From the New York Times editorial board.
The 1996 Defense of Marriage Act is indefensible — officially sanctioned discrimination against one group of Americans imposed during an election year. President Obama seems to know that, or at least he has called on Congress to repeal it. So why do his government’s lawyers continue to defend the act in court? [snip] There are two crucial questions here. The overarching one, of course, is whether it is constitutional for the federal government to deny benefits to some people who are legally married under their state’s laws. Much also depends on the standard of review. How should courts evaluate claims that a law discriminates against gay people?Read the entire editorial.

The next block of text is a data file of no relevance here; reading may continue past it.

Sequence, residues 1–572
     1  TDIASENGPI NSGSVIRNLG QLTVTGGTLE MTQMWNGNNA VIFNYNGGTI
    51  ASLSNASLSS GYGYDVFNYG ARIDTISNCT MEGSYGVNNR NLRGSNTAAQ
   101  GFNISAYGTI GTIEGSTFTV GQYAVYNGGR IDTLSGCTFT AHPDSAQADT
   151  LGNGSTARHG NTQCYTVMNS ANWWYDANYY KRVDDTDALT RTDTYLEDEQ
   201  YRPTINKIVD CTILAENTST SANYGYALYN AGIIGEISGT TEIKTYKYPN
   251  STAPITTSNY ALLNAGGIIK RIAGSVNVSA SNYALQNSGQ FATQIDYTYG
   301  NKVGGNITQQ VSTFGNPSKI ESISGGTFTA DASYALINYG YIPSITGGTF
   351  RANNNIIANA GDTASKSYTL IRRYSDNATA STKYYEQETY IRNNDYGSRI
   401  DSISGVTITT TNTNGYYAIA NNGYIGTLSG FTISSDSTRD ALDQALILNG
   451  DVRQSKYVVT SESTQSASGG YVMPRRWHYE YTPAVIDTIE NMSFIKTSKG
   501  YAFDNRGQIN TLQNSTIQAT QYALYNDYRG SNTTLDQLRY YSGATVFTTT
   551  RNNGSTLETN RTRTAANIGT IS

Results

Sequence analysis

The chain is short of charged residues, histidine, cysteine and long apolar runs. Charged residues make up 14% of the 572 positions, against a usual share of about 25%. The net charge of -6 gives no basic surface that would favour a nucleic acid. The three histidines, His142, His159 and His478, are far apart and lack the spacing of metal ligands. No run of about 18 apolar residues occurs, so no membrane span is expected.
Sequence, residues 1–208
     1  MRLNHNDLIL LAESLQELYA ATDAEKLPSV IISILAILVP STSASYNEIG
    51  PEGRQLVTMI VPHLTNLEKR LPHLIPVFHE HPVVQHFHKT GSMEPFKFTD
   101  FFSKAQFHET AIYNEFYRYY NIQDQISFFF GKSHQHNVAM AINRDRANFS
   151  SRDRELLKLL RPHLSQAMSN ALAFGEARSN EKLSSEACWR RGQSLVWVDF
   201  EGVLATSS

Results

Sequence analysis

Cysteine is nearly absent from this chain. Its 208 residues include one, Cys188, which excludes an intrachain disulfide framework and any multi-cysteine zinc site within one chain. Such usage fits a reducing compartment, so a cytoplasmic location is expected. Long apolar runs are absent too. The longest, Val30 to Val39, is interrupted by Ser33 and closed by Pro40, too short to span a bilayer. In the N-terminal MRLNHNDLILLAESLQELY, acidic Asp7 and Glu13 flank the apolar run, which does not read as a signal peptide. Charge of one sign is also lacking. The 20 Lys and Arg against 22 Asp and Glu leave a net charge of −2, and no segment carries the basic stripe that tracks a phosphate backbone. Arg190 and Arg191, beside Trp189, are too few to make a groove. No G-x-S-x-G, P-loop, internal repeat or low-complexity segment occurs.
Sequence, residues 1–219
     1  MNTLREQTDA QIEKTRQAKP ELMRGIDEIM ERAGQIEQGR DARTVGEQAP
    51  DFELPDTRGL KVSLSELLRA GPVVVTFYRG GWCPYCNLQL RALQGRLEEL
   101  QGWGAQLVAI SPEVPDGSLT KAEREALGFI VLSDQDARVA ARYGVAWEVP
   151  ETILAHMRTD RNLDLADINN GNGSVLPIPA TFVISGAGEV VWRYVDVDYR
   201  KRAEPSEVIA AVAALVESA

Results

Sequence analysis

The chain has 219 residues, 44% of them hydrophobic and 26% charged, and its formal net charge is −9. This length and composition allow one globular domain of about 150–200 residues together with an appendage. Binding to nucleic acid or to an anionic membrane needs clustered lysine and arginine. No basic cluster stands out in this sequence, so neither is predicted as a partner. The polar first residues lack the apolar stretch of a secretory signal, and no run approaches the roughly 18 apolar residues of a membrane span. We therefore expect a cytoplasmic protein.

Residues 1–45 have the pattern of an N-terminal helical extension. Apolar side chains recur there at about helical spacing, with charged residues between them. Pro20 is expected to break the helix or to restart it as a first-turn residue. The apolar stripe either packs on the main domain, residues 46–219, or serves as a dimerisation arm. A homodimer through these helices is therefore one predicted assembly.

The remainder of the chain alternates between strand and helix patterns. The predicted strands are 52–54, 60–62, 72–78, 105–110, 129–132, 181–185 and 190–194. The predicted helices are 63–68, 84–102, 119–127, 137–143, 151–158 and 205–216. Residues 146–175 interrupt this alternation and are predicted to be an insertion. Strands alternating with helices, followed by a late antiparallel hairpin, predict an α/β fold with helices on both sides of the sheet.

On the merits, this should be an easy call. A law focusing on a group that has been subjected to unfair discrimination, as gay people have been, is supposed to get a hard test. It is presumed invalid unless the government proves that the officials’ purpose in adopting the law advances a real and compelling interest. That sort of heightened scrutiny would challenge the administration’s weak argument for upholding the act. It would also make it more difficult to sustain other forms of anti-gay discrimination, including state laws that deny same-sex couples the right to marry. By now, such blatant discrimination should be presumed to be unconstitutional, and the Justice Department should finally say so.